The Beauty of the Omnibus
Corrientes Travel Blog› entry 11 of 17 › view all entries
I believe that the story of the Omnibus is one of the most impressive facets of South American life and deserves a space in my historical blogs. When I arrived in Argentina and began to plan many adventures across the country and other parts of the continent, many fellow travelers suggested the Omnibus as a preferred method of travel. I, however, couldn’t fathom taking a bus for longer than two or three hours. The plane ride to Argentina- a Delta jet the size of a country elementary school, leather seats, all English speakers, and FDA approved food- hadn’t convinced me that I could handle more than the 10 hours it took to get down here.
My hand was forced though, when my desire to take a reprieve from the cold pollution of Buenos Aires, left me with a bus ticket- five hours- to the Termas of Concordia and Salta respectively. In a vain attempt to save a few bucks I opted for the semi-cama (or semi bed) option. It was only a few American dollars less but I thought that the "semi" versus "full" cama would make a difference. Later on that month I took several more bus trips- all with increasing favor of opinion. I used services by Fletcha bus, Via Bariloche, and many others. On the trips that followed I tried variations on the semi versus full cama option and will go into more detail further down this story.
A few things on all of the trips took me aback: the cleanliness, the food, the service, and the entertainment. As a resident of Atlanta Georgia, home of the largest bus service in the United States- Greyhound- I assumed all buses were dirty, nasty, places where people went as a last resort. In Atlanta, I still believe this to be true. I would never suggest anyone to use this bus service in America unless it was preceded by the word "tourist." Mainly because the buses in the U.S. are DIRTY, filthy, germ infested, and in a word gross. I have had the misfortune to be on a few American buses and I would be content to forget the experience ever happened. In stark contrast, the Argentine buses were immaculate. The seats were either leather or nice cloth that was vacuumed and wiped down. The floor was spotless and mopped clean; even the windows were freshly washed and the chrome on the wheels reflected the sun like a pimped out ATL expedition. As if I wasn’t thankful enough that the bus was clean and appeared disease free, I was thrilled again by the food. In my first bus ride to Concordia, I had brought a few snack packs and some bastioncitas for dinner. It never occurred to me that the bus line would serve dinner. Not only did they serve dinner, but if you went with the full cama option ( I did that on the Via Bariloche) you were served snacks, mints on your pillow, wine with dinner, flan for dessert, and get this- champagne! I think Delta could learn something from this type of service. So, thus far I am sold on riding buses about the country- clean and food- but the situation only got better. The service on the Omnibus is incredible. You know when you are on the airplane, and if you got to use the restroom when there is turbulence, the stewardess jumps on you? Well, none of that here. You can go to sleep and the waiter (yeah, I said waiter) will come by and gently wake you when it is time for you specifically- as their are many stops- to get off. They are courteous and friendly and have helped me find places to stay in the cities I am visiting many times. When you compound the former three exceptional qualities with the entertainment they provide you, well, there is just no other way to travel. The most obvious form of entertainment- for the average traveler- is a tv/dvd/radio combination. That in itself is wonderful, but in addition I have found that the omnibus is the best place to meet and talk with locals on a really personal level. Everyone is comfortable, happy, and doesn’t have anywhere to go for the next 18 or so hours.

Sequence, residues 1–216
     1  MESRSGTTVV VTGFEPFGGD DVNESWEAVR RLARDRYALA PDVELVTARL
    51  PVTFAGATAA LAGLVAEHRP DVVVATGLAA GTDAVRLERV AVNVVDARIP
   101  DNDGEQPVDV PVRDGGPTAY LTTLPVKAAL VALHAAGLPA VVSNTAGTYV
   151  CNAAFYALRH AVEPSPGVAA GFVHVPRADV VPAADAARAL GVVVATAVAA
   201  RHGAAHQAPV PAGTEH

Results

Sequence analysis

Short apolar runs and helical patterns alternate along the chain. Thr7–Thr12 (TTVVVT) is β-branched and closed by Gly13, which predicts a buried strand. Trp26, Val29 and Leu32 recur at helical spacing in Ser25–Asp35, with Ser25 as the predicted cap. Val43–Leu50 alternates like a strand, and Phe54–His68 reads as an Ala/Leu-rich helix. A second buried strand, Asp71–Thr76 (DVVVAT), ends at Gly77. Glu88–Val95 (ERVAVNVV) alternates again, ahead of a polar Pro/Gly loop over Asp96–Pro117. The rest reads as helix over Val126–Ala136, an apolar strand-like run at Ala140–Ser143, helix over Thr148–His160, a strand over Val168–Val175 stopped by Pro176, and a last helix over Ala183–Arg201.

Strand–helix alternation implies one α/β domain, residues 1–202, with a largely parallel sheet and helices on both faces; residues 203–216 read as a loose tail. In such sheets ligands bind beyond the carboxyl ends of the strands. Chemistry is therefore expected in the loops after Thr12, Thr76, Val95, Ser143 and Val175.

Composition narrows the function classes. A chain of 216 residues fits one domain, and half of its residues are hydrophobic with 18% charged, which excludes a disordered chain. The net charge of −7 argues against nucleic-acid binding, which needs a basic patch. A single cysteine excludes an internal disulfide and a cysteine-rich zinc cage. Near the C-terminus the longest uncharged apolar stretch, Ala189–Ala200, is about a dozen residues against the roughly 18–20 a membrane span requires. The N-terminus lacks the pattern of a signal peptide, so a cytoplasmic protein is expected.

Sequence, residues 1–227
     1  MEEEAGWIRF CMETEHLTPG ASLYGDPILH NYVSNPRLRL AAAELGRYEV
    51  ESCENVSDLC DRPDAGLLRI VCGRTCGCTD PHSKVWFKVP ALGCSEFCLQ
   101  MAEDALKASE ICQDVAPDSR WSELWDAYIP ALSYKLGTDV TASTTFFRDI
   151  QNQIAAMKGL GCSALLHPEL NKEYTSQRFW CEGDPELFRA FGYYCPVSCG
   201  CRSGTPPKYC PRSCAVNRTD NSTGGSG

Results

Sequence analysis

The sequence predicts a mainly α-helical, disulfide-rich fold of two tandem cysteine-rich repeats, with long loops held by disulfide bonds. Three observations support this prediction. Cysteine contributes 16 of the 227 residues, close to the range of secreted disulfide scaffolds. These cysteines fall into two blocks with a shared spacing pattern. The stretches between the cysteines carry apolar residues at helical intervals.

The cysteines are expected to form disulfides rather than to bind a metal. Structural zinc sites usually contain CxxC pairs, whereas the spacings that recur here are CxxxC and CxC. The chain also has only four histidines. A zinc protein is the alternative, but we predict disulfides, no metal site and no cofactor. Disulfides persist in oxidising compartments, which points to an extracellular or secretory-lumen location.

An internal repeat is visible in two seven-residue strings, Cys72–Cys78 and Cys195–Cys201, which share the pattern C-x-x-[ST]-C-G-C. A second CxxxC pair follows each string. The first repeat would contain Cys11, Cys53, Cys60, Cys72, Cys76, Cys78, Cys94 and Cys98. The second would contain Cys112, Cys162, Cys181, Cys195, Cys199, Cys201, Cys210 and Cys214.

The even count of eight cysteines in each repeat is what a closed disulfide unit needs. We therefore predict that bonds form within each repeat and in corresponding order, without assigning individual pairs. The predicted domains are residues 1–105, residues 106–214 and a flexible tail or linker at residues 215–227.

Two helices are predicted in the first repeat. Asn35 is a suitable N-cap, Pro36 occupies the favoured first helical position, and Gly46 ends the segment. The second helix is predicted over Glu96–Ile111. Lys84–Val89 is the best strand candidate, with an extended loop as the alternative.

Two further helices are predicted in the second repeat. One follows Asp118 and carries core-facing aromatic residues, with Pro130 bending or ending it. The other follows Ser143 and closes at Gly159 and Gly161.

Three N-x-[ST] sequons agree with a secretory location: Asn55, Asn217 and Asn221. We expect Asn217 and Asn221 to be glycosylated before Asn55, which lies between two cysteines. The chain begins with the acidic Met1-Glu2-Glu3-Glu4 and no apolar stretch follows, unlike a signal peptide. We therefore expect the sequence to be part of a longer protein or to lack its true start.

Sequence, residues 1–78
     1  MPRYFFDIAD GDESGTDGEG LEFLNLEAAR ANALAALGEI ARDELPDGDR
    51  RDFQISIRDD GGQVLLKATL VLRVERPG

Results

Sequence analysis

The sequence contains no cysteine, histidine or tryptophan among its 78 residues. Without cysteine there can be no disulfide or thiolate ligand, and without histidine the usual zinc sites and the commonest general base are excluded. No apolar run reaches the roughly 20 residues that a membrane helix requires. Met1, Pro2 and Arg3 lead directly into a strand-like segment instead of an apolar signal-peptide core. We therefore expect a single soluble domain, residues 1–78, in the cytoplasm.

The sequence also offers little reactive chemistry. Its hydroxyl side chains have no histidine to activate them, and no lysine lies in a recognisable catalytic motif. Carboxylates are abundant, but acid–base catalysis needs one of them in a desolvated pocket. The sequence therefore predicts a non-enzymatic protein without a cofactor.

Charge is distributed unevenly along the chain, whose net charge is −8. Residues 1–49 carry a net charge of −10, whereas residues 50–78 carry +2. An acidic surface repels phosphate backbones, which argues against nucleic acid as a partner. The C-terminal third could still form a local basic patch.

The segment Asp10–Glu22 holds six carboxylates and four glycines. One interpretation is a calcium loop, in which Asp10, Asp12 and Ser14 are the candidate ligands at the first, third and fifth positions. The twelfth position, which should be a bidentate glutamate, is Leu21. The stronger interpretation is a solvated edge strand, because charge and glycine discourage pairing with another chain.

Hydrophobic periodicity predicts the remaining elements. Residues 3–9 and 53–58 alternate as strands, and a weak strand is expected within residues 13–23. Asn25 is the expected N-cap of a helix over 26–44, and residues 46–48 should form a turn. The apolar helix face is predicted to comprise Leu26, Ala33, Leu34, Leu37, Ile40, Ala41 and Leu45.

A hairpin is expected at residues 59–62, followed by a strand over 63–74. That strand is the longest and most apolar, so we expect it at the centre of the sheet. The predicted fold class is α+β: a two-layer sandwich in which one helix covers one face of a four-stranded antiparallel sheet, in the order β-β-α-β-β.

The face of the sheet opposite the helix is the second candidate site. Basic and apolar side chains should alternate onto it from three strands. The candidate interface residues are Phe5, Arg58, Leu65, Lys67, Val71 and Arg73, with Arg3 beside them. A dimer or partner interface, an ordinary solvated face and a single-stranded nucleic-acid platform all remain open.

In one particular omnibus ride, I got to know the bus driver really well. His name was Ezekiel, he is 25, and has been driving buses for two years. He let me join him in the "cock pit" (not sure if that is the correct terminology) for some mate, and we talked for about 6 hours on the economy, soccer, the president, traveling, what his life is like in Argentina, what he thinks Argentina should do in the near future to support a work force... and many more things. That was a great experience, but I have also met so many other people, Elio, Teress, Juan, Jarrah, Sergio and Alejandro. In all of them, I have been able to work on my spanish and more importantly talk about politics, economics, and soccer. Although I have really enjoyed learning in class, the beauty of learning about current events is to be able to discuss them with other people, especially the people they effect, and gain a better understanding from a point of view that is impossible to harbor in a tourist.